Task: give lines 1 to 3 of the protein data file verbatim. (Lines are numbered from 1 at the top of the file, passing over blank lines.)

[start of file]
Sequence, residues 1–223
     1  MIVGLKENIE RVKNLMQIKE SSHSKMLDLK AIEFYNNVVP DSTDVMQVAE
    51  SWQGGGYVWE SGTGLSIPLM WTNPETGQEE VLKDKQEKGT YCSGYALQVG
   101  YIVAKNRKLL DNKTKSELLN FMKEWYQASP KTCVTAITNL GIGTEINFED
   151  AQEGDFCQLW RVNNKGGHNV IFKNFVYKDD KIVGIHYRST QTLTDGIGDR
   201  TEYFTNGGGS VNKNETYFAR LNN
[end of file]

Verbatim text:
Sequence, residues 1–223
     1  MIVGLKENIE RVKNLMQIKE SSHSKMLDLK AIEFYNNVVP DSTDVMQVAE
    51  SWQGGGYVWE SGTGLSIPLM WTNPETGQEE VLKDKQEKGT YCSGYALQVG